Australia's Worst Drought Ending After Rains
Author: Michael Byrnes
Dams are filling, farmers are hoping for their best crops in years and food prices are stabilising as a La Nina weather pattern washes away drought which has persisted since 2002.
A senior weather official told Reuters that recent rains had already ended the drought in some areas -- the closest the bureau has come to declaring an end to the drought.
"Short-term droughts are becoming confined to increasingly restricted areas," senior weatherman Blair Trewin said.
Many areas are still in drought, including Australia's main foodbowl the Murray-Darling Basin.
But 650 kilometres northwest of Sydney, outback farming families near Burke are wading knee-deep in water as floodwaters move south through swollen Warrego and Paroo Rivers which run through remote areas of Queensland state into New South Wales.
A few months ago they were choking with dust.
"There's a high risk of further inland flooding," Trewin said.
Large parts of western New South Wales, where drought last year completely destroyed the winter wheat crop, had moved out of drought for the first time in seven years, state Premier Morris Iemma announced this week.
Only 46 percent of the state, the hardest-hit by lack of rain in recent years, is now in drought. In 2002, 99 percent of the state was in drought.
"Hopefully this will translate into cheaper food at the supermarket cash register, especially for staples like fruit, vegetables and meat," Iemma said.
HIGH BREAD PRICES
Some prices have already begun to fall.
Fruit prices fell by 13.5 percent and vegetable prices fell by 6.9 percent in the December quarter as a first reaction to early rain, consumer price index figures showed two weeks ago.
Summer crops as a whole are doing well, Iemma said this week.
These are important for horticulture and animal feed, but are dwarfed on a global scale by winter wheat, with Australia normally the second wheat exporter in the world, putting bread on tables throughout Asia and the Middle East.
The loss of large parts of Australia's last wheat crop has already had a powerful impact on world markets, contributing to a doubling of world wheat prices to record highs since last June.
Record high wheat prices in Australia triggered a 2.7 percent rise in Australian bread prices in the December quarter, bringing up an 8.8 percent rise over the full year.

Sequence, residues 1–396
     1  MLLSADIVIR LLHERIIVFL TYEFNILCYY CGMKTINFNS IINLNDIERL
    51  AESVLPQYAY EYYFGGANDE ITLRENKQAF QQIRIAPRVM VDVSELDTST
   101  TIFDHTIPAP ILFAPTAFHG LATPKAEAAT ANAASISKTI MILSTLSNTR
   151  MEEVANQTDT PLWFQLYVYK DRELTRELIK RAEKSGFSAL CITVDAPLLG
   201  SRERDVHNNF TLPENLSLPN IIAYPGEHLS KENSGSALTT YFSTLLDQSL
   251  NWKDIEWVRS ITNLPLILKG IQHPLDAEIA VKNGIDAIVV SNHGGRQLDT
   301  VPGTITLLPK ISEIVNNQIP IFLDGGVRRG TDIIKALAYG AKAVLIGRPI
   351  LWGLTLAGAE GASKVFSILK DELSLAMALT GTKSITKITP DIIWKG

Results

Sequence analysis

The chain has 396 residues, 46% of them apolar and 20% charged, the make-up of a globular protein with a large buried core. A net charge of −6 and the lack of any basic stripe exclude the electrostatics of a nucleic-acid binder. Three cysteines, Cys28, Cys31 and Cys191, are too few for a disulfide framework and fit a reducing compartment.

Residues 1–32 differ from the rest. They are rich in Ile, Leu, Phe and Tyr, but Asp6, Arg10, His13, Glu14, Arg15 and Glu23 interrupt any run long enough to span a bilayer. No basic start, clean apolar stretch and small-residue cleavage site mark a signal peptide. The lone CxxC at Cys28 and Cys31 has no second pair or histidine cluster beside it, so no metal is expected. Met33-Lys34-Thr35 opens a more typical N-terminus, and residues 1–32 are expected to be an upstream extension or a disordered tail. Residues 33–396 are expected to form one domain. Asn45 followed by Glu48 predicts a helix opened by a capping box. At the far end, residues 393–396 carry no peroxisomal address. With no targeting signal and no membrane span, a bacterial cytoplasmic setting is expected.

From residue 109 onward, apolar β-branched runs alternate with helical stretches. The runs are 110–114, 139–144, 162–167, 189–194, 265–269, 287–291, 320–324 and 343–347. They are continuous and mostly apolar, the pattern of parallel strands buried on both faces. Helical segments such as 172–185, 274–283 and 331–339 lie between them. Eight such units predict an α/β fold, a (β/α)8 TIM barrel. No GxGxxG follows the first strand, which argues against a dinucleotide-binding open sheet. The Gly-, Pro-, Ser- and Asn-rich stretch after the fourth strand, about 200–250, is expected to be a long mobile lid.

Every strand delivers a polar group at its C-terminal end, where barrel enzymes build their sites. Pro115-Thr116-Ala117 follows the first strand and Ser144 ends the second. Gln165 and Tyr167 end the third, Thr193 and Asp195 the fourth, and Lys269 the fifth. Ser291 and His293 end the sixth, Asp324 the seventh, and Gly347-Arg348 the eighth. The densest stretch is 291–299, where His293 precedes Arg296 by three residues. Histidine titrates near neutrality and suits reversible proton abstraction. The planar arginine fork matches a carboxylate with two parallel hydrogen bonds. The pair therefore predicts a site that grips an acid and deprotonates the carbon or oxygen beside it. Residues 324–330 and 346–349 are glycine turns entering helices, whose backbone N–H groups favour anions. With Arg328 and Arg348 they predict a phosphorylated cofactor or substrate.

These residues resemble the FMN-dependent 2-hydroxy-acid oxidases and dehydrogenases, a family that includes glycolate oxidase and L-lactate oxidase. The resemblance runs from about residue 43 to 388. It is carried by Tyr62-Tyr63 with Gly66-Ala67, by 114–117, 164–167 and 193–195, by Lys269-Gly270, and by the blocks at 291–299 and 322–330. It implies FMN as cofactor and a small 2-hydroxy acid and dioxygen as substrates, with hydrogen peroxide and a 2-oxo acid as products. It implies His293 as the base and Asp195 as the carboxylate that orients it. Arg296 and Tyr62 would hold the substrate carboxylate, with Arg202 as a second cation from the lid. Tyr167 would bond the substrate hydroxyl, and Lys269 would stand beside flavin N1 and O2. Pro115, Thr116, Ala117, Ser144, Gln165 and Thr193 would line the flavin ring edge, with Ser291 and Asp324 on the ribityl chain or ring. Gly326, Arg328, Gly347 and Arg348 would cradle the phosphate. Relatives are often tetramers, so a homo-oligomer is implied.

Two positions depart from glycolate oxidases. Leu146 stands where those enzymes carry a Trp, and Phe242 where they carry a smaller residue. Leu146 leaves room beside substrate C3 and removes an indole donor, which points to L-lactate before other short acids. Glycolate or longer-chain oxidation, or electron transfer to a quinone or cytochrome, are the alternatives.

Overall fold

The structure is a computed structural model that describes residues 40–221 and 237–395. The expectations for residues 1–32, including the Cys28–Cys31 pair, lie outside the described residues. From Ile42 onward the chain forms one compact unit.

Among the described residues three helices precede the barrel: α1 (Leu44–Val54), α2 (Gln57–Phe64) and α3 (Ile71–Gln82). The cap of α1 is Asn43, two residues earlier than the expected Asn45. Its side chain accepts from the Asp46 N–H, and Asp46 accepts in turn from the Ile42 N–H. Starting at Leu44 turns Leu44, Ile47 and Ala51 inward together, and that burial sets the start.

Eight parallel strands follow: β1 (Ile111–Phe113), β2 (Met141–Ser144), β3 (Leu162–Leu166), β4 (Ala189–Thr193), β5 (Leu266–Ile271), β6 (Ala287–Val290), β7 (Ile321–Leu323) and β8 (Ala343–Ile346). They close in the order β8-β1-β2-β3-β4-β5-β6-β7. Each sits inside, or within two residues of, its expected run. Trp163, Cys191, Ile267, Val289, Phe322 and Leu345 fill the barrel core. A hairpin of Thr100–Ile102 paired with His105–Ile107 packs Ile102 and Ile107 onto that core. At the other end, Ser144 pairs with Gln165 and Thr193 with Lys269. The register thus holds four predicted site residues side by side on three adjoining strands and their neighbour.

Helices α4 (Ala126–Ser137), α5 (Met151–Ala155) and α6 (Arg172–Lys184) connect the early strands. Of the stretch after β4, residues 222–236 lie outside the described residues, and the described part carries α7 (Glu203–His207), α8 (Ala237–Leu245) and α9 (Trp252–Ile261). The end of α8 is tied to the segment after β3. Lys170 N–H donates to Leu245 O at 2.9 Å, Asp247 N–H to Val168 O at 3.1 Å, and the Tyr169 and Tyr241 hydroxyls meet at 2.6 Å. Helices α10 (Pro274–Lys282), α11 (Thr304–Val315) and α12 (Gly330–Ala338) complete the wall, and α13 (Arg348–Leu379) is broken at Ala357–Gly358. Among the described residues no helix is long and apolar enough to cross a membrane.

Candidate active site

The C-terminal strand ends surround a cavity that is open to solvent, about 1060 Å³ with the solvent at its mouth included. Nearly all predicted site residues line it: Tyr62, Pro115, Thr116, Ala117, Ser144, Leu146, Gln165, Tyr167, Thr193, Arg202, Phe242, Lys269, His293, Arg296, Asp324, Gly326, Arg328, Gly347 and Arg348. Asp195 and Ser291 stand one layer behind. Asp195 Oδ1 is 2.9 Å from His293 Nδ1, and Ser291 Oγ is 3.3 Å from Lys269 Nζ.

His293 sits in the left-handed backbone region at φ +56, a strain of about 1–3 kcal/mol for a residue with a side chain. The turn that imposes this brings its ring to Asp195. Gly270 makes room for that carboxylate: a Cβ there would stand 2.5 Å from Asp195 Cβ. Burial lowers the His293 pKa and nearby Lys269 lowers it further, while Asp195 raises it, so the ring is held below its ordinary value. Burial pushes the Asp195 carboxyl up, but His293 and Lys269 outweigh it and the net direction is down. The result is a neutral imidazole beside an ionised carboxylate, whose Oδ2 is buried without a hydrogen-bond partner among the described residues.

Poultry prices, which reflect prices of feed grain, have also risen by 8.6 percent over the year, while dairy prices are up by around 10 percent because of a shortage of feed.
Wheat prices are much slower to respond to rain than fruit and vegetable prices because of a much longer growing period.
But recent rain is beginning to set the stage for a bumper Australian wheat crop, to be planted in April and May for harvest toward the end of 2008.
Big Australian tonnages would help ease global supply concerns, commodities broker Brett Cooper of MF Global said.
Meanwhile Sydneysiders, in Australia's biggest city, have become used to daily downpours after years of bright blue skies. Sunday was the only day this month when Sydney had no rain.
Sydney's dams, down to one-third of capacity last year, despite water restrictions, are back to 64 percent full. The main dam in the nearby country city of Goulburn is full after drying up last year, requiring water to be trucked in.
In 2005, Australian farmers danced in the rain when skies opened in prime wheat planting time. Since then many farmers have been driven to the brink of bankruptcy by the return of drought.
"They're cautiously optimistic," Ron Storey of Australian Crop Forecasters said of wheat growers' mood this time around.
(Editing by Sanjeev Miglani)